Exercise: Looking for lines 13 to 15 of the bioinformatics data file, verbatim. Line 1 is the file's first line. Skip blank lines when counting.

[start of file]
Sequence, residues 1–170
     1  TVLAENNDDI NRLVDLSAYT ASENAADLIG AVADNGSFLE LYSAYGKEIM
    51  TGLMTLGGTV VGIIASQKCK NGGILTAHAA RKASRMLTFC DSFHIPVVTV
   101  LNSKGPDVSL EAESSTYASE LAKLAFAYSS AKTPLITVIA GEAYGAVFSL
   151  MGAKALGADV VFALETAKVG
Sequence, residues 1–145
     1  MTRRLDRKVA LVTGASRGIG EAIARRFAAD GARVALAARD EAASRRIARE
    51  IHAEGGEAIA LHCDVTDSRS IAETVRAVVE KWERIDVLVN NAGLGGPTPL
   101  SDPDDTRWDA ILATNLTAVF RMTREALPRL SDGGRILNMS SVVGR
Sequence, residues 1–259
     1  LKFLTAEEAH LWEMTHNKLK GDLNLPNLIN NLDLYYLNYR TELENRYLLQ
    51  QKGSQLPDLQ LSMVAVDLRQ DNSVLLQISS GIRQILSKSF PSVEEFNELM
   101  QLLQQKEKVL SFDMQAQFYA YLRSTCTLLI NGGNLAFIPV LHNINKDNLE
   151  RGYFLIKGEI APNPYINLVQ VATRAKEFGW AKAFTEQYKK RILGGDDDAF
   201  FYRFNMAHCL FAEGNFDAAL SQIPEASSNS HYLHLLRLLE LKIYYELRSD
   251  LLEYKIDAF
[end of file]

   101  QLLQQKEKVL SFDMQAQFYA YLRSTCTLLI NGGNLAFIPV LHNINKDNLE
   151  RGYFLIKGEI APNPYINLVQ VATRAKEFGW AKAFTEQYKK RILGGDDDAF
   201  FYRFNMAHCL FAEGNFDAAL SQIPEASSNS HYLHLLRLLE LKIYYELRSD